Reader, are you ready to return to the Finfarran Peninsula?
Just like the first book in Felicity Hayes-McCoy’s Finfarran Peninsula series, Summer at the Garden Café (#2) abounds with engaging descriptions of coastal life in Ireland. Consider these opening words:
People who live in Finfarran say you can see four seasons of the year there in a single day. Then, in case you’d think they were being poetic, they point out that you’ll never know what you ought to wear, so you’d better be prepared for anything.
The village of Lissbeg’s garden café, an idea dreamt up in the first book of the series, becomes a focal gathering place in the second book. As the story progresses, multiple characters share their perspectives with readers, adding to the gentle, meandering experience.
Hanna Casey, her daughter Jazz, and all our local friends are here. And they’re so entertaining! One character, Hanna’s mother Mary, thinks using LOL in a text means Lots of Love, instead of Laugh Out Loud—which did make me laugh out loud, because my own mom uses LOL the same way. (Plus, Fury O’Shea and his dog “the divil” are back. Yay!)
A subtle theme in Summer At The Garden Café is how objects retain value in direct relation to what they are remembered for. Another theme is how relationships change as we grow.
Consider Jazz’s thoughts about her mother in this passage:
She had always admired Mum’s confidence, the effortless way she’d run the London house and the Norfolk cottage, organized Dad’s social life, and always seemed in control. And she loved the story of how she’d set off to chase her dream career. It must have been a big thing, back in those days, to pack up and go to a foreign country to build yourself a new life. She’d asked Mum once if she’d minded giving up her career for marriage, and the answer she’d got had always stuck in her mind. The thing about dreams, Mum had said, was that sometimes they turned into prisons. You should never, ever deny yourself the freedom to move on and change. “I suppose I swapped one dream for another, and this one is just as fulfilling.”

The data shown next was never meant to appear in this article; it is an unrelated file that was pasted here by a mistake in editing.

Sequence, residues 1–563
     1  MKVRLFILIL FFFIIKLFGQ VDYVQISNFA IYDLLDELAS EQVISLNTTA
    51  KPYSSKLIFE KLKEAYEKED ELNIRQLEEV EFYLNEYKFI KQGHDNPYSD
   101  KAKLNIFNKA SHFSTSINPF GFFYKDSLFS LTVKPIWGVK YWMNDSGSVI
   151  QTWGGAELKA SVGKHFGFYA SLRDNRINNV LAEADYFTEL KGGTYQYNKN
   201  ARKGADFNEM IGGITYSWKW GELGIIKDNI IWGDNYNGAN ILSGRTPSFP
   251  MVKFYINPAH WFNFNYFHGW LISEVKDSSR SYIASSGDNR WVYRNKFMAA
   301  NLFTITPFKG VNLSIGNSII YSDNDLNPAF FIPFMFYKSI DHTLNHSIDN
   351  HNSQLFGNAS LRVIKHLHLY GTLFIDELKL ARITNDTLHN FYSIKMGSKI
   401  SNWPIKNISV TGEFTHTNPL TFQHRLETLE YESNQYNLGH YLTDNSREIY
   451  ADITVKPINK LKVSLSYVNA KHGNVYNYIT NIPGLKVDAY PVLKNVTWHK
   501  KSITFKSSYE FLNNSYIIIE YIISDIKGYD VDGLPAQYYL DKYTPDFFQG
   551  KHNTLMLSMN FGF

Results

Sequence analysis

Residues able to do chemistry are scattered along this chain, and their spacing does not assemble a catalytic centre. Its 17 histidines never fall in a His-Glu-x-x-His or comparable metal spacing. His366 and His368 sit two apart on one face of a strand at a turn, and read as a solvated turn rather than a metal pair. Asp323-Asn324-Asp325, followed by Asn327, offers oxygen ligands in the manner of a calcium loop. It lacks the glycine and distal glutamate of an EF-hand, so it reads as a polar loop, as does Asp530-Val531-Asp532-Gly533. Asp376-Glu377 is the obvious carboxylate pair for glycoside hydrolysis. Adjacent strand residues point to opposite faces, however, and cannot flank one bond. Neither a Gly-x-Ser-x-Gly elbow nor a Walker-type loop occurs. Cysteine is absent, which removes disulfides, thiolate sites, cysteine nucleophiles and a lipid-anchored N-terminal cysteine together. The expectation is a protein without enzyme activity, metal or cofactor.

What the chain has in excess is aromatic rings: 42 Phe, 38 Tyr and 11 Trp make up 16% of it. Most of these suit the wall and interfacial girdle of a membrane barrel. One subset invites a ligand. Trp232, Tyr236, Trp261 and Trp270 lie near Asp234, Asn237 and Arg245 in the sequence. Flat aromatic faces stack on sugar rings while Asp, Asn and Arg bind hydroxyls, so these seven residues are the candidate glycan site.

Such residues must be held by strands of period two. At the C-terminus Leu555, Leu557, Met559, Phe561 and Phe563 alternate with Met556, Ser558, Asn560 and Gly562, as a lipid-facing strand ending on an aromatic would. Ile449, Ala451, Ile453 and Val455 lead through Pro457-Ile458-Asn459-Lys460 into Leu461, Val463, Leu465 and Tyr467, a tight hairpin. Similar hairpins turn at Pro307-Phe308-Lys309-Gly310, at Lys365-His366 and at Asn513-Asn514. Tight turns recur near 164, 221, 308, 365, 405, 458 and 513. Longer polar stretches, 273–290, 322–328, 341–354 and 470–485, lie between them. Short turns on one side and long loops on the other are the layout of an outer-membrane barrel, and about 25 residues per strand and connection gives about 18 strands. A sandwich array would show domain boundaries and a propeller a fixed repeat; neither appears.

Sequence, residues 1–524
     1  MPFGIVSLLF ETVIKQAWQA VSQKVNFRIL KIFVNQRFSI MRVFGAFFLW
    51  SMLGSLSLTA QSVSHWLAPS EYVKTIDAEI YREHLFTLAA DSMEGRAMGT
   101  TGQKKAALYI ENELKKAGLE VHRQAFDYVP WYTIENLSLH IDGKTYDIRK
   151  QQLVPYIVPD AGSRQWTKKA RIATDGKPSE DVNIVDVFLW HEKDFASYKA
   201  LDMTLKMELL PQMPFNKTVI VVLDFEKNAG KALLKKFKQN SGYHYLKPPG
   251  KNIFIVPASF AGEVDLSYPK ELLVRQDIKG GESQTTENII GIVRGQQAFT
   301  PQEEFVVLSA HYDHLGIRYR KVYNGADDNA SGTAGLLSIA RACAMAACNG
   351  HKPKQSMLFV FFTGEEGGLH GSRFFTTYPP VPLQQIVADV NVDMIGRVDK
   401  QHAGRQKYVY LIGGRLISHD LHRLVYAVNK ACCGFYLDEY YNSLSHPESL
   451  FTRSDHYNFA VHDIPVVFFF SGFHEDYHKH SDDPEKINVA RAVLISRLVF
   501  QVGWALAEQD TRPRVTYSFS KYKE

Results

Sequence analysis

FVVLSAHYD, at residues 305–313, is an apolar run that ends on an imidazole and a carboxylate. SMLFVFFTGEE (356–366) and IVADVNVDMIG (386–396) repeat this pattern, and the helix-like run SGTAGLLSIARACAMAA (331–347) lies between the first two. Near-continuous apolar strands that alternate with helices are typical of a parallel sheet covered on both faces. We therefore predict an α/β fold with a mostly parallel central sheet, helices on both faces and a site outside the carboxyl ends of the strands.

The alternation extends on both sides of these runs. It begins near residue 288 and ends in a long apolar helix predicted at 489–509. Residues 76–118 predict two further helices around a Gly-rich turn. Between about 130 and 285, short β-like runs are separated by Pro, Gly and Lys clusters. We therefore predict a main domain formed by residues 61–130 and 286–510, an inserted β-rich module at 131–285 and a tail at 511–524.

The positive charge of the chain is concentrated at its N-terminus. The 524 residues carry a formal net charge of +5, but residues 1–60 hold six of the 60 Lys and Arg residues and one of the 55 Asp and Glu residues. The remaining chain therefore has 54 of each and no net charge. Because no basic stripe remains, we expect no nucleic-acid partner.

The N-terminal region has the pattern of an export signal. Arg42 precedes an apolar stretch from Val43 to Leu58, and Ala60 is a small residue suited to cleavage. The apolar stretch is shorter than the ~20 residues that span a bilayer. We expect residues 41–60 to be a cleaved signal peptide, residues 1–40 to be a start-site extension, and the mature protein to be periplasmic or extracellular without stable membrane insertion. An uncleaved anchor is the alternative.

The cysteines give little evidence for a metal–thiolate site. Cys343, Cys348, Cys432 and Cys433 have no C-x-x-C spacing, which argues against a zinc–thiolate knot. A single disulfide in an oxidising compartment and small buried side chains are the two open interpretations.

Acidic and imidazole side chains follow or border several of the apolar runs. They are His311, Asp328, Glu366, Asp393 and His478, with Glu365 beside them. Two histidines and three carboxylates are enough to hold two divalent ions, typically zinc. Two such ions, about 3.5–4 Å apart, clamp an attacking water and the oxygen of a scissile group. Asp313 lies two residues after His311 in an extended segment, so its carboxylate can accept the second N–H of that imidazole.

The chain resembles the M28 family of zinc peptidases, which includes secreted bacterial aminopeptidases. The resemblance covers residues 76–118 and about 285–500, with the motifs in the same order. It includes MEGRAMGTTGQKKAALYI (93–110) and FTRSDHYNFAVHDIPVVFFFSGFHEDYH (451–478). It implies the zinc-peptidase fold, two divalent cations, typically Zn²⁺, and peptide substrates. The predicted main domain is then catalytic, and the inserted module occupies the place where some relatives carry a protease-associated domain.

The Finfarran Peninsula series is written so that each book can be enjoyed as a standalone novel, but to fully appreciate the continuing development of the characters, consider reading the series in order. (Read my review of the first book, The Library at the Edge of the World, here. Read my review of the next book in the series, The Mistletoe Matchmaker, here.)
Reader, are you headed back to the Finfarran Peninsula soon? I’d love to know what you enjoy about this special place.
Here with you,